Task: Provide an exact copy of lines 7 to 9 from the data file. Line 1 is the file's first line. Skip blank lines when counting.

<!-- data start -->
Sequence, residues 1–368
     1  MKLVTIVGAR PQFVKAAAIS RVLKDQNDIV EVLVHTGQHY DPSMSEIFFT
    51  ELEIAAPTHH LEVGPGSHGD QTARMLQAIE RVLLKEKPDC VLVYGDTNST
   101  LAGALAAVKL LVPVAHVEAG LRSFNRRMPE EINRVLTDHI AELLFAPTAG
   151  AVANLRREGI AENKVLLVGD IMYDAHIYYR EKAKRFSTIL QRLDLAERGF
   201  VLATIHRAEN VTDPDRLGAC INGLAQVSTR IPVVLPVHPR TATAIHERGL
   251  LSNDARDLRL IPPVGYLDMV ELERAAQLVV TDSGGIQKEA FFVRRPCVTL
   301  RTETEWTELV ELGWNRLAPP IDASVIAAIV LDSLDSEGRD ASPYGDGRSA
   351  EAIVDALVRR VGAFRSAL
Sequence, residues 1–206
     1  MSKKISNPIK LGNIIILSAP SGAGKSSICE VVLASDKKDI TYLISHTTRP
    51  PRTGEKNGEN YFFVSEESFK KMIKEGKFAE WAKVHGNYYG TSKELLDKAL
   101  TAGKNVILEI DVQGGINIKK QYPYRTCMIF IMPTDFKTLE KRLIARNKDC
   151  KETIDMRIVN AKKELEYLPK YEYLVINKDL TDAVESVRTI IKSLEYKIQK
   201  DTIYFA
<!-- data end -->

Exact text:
   251  LSNDARDLRL IPPVGYLDMV ELERAAQLVV TDSGGIQKEA FFVRRPCVTL
   301  RTETEWTELV ELGWNRLAPP IDASVIAAIV LDSLDSEGRD ASPYGDGRSA
   351  EAIVDALVRR VGAFRSAL